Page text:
I’m just back from the launch of a gobsmacking new report by Index and English PEN, highlighting the abuse of the UK libel system by rich individuals and corporations around the world bent on suppressing criticism of their activities.

UK libel law denies most defendants a fair trial because a) The system works on the presumption of guilt, rather than innocence and b) Almost nobody can afford adequate legal representation to defend their case – legal costs in the UK are 140 times the European average. A trial of just one week can easily top a million pounds in fees alone.

On top of this, the UK judiciary effectively asserts “universal jurisdiction” for libel cases (at the same time as genocide suspects on UK territory go undisturbed). Anything negative written about a rich person on a website anywhere in the world can end up being the subject of a defamation case in a UK court. Things have got so bad that US states have begun passing laws preventing the enforcement of UK libel rulings within their jurisdictions, on the basis that our law violates the basic human rights protections outlined in the US constitution.

Last year, the UN human rights committee warned that UK libel law “served to discourage critical media reporting on matters of serious public interest, adversely affecting the ability of scholars and journalists to publish their work”, and highlighted the threat posed to freedom of speech worldwide by the UK’s willingess to indulge so-called “libel tourists”.

Speaking at today’s event, the former Director of Public Prosecutions, Sir Ken Macdonald, branded UK libel law a national “disgrace” – and its effect on other countries a “double disgrace”. Macdonald argues that the need for reform is not only an issue of justice, but also of national pride.

To find out more, and to sign up for this urgent and timely campaign, visit www.libelreform.org.

Written by Richard Wilson

November 10, 2009 at 11:41 pm

George Monbiot responds to Hazel Blears’ attack on independent commentary

with 2 comments

From The Guardian

Courage in politics is measured by the consistent application of principles. The website TheyWorkForYou.com records votes on key issues since 2001. It reveals that you voted “very strongly for the Iraq war”, “very strongly against an investigation into the Iraq war” and “very strongly for replacing Trident” (“very strongly” means an unbroken record). You have voted in favour of detaining terror suspects without charge for 42 days, in favour of identity cards and in favour of a long series of bills curtailing the freedom to protest. There’s certainly consistency here, though it is not clear what principles you are defending…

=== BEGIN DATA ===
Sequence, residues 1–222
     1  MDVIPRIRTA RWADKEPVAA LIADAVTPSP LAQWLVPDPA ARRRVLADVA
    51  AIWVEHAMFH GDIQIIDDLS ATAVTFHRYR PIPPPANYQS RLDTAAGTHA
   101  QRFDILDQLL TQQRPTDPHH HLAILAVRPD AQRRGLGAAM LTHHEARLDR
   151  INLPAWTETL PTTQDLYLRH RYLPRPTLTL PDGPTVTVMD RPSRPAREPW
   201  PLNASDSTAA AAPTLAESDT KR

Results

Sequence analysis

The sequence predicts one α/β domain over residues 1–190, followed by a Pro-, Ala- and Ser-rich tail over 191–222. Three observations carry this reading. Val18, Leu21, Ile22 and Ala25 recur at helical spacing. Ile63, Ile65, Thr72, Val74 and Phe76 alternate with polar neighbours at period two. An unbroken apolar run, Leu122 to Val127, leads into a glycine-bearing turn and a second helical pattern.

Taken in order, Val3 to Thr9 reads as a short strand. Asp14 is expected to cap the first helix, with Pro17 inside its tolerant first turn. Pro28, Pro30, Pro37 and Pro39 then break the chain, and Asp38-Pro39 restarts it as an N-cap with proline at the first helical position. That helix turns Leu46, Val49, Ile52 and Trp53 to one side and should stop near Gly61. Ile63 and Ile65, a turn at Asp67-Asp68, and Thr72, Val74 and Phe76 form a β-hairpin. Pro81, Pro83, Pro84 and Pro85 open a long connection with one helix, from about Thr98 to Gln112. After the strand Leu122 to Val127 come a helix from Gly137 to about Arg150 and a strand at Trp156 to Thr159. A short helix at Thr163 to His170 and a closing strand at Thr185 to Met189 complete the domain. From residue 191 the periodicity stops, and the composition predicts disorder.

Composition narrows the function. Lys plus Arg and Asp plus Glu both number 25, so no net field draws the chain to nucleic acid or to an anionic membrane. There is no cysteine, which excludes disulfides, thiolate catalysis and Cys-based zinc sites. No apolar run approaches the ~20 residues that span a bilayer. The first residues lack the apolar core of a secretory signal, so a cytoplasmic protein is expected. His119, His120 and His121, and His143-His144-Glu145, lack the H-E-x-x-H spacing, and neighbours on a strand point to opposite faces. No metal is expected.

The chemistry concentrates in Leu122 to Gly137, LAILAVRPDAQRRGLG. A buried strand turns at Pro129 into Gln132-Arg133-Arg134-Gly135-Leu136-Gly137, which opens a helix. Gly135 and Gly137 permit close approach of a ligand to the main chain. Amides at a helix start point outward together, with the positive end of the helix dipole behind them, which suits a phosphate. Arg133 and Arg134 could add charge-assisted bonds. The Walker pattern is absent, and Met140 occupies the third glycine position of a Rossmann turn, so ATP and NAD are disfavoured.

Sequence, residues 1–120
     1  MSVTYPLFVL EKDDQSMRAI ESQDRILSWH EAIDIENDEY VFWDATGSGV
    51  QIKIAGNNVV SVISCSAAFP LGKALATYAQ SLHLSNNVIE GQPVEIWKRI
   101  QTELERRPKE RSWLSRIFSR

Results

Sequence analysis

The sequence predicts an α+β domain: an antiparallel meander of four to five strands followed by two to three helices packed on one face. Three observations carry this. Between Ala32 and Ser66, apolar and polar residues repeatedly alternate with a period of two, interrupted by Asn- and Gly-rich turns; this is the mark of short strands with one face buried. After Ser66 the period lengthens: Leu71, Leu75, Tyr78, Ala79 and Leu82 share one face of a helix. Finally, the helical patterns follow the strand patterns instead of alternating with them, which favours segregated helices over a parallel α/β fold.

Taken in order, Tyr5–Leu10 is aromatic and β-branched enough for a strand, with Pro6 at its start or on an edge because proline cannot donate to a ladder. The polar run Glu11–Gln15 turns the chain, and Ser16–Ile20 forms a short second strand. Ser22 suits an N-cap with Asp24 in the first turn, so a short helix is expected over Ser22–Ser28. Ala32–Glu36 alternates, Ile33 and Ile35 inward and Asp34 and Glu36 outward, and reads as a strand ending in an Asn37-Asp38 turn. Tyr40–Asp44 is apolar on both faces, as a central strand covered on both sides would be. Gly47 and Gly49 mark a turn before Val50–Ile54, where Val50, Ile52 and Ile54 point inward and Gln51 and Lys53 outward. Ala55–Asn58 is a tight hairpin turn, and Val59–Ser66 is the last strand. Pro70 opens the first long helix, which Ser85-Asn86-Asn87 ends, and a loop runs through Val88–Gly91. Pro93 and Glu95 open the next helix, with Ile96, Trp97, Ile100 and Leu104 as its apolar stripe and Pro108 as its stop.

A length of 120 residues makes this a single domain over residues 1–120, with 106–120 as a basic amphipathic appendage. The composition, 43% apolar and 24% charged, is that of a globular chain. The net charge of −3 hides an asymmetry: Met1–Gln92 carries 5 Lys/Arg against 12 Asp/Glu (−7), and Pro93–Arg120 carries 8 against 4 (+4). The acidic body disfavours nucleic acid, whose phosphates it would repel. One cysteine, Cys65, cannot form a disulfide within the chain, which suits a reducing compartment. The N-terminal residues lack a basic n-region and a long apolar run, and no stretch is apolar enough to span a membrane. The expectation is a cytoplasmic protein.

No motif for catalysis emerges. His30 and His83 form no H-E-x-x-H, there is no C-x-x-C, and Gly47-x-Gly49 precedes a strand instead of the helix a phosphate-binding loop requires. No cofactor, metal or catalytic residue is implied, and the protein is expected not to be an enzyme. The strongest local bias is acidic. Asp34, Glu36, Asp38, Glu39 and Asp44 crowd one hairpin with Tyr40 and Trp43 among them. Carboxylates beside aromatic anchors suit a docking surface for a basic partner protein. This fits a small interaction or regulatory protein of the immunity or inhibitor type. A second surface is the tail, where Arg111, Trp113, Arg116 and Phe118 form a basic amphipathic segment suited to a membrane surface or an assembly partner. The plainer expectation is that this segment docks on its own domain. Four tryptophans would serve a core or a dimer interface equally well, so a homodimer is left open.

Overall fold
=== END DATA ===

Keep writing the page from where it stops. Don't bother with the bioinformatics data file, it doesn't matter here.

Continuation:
You remained silent while the government endorsed the kidnap and the torture of innocent people; blocked a ceasefire in Lebanon and backed a dictator in Uzbekistan who boils his prisoners to death. You voiced no public concern while it instructed the Serious Fraud Office to drop the corruption case against BAE, announced a policy of pre-emptive nuclear war, signed a one-sided extradition treaty with the United States and left our citizens to languish in Guantánamo Bay. You remained loyal while it oversaw the stealthy privatisation of our public services and the collapse of Britain’s social housing programme, closed hundreds of post offices and shifted taxation from the rich to the poor….

The only consistent political principle I can deduce from these positions is slavish obedience to your masters. TheyWorkForYou sums up your political record thus: “Never rebels against their party in this parliament.” Yours, Hazel, is the courage of the sycophant, the courage to say yes…

You are temporarily protected by the fact that the United Kingdom, unlike other states, has not yet incorporated the Nuremberg principles into national law. If a future government does so, you and all those who remained in the cabinet on 20 March 2003 will be at risk of prosecution for what the Nuremberg tribunal called “the supreme international crime”. This is defined as the “planning, preparation, initiation or waging of a war of aggression”. Robin Cook, a man of genuine political courage, put his conscience ahead of his career and resigned. What did you do?

It seems to me that someone of your principles would fit comfortably into almost any government. All regimes require people like you, who seem to be prepared to obey orders without question. Unwavering obedience guarantees success in any administration. It also guarantees collaboration in every atrocity in which a government might engage. The greatest thing we have to fear in politics is the cowardice of politicians…

Written by Richard Wilson

February 10, 2009 at 8:24 am